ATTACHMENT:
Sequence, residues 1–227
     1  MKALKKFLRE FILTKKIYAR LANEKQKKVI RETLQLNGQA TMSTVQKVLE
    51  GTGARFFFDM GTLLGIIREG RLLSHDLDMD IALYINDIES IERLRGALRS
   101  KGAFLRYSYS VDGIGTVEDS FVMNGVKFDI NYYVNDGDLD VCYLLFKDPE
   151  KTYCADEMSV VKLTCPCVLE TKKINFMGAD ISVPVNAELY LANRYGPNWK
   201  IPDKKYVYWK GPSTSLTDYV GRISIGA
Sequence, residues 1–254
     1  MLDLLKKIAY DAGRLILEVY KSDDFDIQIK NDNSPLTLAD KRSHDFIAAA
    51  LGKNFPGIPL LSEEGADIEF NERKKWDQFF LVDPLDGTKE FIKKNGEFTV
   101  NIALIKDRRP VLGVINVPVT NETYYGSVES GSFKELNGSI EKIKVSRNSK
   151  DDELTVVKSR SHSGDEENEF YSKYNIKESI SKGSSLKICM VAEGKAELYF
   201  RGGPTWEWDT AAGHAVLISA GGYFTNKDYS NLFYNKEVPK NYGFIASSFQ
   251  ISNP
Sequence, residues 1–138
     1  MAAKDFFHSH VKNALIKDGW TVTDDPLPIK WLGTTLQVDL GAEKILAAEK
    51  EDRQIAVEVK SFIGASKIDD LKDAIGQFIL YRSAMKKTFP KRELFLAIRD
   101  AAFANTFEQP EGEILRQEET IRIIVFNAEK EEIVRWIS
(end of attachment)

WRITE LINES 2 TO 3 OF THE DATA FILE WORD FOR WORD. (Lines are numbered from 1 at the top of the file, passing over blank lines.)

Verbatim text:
     1  MKALKKFLRE FILTKKIYAR LANEKQKKVI RETLQLNGQA TMSTVQKVLE
    51  GTGARFFFDM GTLLGIIREG RLLSHDLDMD IALYINDIES IERLRGALRS